Good Morning!

Another week has come and gone, and with it some interesting AWS releases.

From the Community

An unnamed contractor for the Indian government wins this week’s S3 Bucket Negligence Award.

Charles Fitzgerald makes the excellent observation that AWS sure has dropped its CapEx spend for a company that can’t stop running its mouth about GenAI.

Well, it’s been five years. I confess I was more wrong than right when I predicted Nuclear hot take: nobody will care about Kubernetes in five years..

I didn’t expect to see myself mentioned in a security writeup that’s three decades old–specifically in glibc’s qsort().

This amazing analysis on how AWS Will Lose The Future Of Computing is well worth the read. SemiAnalysis is spot on when it comes to this stuff.

I think the expert The Register cited is undercounting IPs; I’d expect their IPv4 address rentals to mint them billions rather than millions. Very few AWS public IPs allow ICMP echo responses; none of mine do, for instance.

Forgetting entirely who’s been hyping it for the past year despite having next to nothing to show for it, AWS CEO Adam Selipsky Likens Generative AI Hype to the Dotcom Bubble.


Last Week In AWS: A Slightly Better Free Tier

Screaming in the Cloud: Exploring Advanced Cybersecurity with Michael Isbitski

Screaming in the Cloud: SmugMug’s Cloud Adventure with Andrew Shieh

Choice Cuts

re:Invent 2023 Cost Optimization highlights that you were not expecting – This post is relevant to my interests. Stephanie Gooch wrote it (new to me: she apparently also hosts a whole AWS Twitch show on cost optimization that I’ll need to MST3K from the cheap seats one of these days). Anyhoo, the one caution I’d throw about this blog post is the emphasis on CloudWatch Logging costs. Stephanie isn’t at all wrong in what she says, but a nuance that might well sail past folks is that it’s not the storage costs that spike CloudWatch Logs bills, but rather the ingest charges. The standard tier costs 50¢ per GB to ingest, the less-fully-featured CloudWatch Logs Infrequent Access tier costs 25¢ to ingest, and storing logs from either of these costs 3¢ per GB/month. Too many folks see the logging cost spike, figure it’s all their old logs, delete them, and don’t realize any meaningful savings whatsoever. Meanwhile the applications left spewing debug traces continue to do their thing uninterrupted.

Five things to consider when choosing your cloud provider – I wish this would be a little more honest about the obvious: "we believe that AWS is the best place to run cloud workloads, and here are some aspects we think may be overlooked when you’re making a decision" is a lot better than this thing’s attempt at faux-objectivity.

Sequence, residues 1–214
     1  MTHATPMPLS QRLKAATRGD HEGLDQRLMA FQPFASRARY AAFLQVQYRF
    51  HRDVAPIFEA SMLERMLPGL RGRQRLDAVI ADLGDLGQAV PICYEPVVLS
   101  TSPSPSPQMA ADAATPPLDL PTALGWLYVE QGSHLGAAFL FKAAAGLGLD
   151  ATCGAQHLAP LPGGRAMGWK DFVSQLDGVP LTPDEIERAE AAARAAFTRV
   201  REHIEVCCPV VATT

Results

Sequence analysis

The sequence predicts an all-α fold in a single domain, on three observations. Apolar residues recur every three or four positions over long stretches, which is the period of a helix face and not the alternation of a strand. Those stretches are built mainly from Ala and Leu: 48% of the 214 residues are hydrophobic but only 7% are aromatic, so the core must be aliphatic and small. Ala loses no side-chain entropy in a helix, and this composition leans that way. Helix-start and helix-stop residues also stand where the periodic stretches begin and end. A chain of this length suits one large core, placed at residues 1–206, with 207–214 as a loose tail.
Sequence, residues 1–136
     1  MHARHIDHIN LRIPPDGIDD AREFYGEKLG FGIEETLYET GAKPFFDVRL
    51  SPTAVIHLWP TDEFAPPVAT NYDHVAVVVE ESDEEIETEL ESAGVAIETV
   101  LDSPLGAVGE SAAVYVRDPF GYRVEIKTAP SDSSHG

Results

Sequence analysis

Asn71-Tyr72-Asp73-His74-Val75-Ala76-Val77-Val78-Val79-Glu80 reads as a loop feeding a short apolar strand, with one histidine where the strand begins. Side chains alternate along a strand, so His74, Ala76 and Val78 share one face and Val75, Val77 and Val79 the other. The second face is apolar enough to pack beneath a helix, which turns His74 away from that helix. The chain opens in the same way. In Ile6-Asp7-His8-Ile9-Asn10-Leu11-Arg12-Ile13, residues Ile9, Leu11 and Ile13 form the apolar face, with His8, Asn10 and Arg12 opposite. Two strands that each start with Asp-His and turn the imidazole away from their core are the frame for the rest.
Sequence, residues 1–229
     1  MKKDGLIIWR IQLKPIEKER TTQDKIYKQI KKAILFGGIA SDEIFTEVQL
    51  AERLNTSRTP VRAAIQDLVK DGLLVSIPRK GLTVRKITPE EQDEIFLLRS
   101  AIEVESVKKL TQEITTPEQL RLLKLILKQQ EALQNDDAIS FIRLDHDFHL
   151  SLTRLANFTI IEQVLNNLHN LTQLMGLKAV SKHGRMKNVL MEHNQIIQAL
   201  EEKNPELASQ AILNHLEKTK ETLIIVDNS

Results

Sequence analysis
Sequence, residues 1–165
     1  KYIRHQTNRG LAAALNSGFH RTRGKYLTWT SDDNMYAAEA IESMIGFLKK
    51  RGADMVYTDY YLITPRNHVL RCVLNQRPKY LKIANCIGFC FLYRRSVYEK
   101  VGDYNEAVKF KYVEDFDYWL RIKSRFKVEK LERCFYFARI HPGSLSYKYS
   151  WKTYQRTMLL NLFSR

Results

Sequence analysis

Announcing CDK Migrate: A single command to migrate to the AWS CDK – I need to actually try this; I can see a bunch of ways it goes bad, but not a whole lot that go well. Combined with the other launch that imports existing apps into CloudFormation it provides a bright new day for us to turn ClickOps into something maintainable.

Accenture creates a regulatory document authoring solution using AWS generative AI services – I did something vaguely similar last week myself! I needed a starting template for a DR policy document, and was discouraged by a blank page. The trick, as I learned, was not to tell ChatGPT to do it in one go; rather, I explained what I was trying to do, gave some context, and then instructed it to ask me questions until it had enough information to draft the document. It was awesome. Busywork just became a lot less busy.

Using one-click unsubscribe with Amazon SES – This is important. There are upcoming requirements for "one click unsubscribes." Given that I have some experience with large email systems, this is a bit trickier than it sounds like. Take, I don’t know, this newsletter you’re reading right now. As I figured out years ago when building an anonymizing aggregate click counter (a tale for another time), some of you will click any and every link contained within this email within seconds of my sending it out. In fact, some of you will click those links even if they’re single pixel click targets, or even completely hidden due to CSS. What’s happening is your email providers are validating that none of those links lead to malware or other spam-heavy sites. You’ve gotta be careful that you don’t wind up with people who have affirmatively decided to receive your emails aren’t having automation inadvertently unsubscribe them from things they want to receive. Of course, if they want to stop hearing from you, you should (and must!) honor that immediately.

How to interconnect AWS Cloud WAN core networks – I recently spoke with an AWS customer using Cloud WAN who absolutely adored it. Unfortunately I haven’t gotten to play with it myself yet; there’s a fair bit of cost involved in just getting the baseline set up, and I’ve had bigger fish to fry.


This fun tool and accompanying writeup talks about AWS Metadata Enumeration and is a terrific reinforcement of the idea that you should absolutely not put anything you’d not want public into an AWS resource tag.

A new version of fck-nat has been released. Man, are those Managed NAT Gateways horribly priced.

… and that’s what happened Last Week in AWS.

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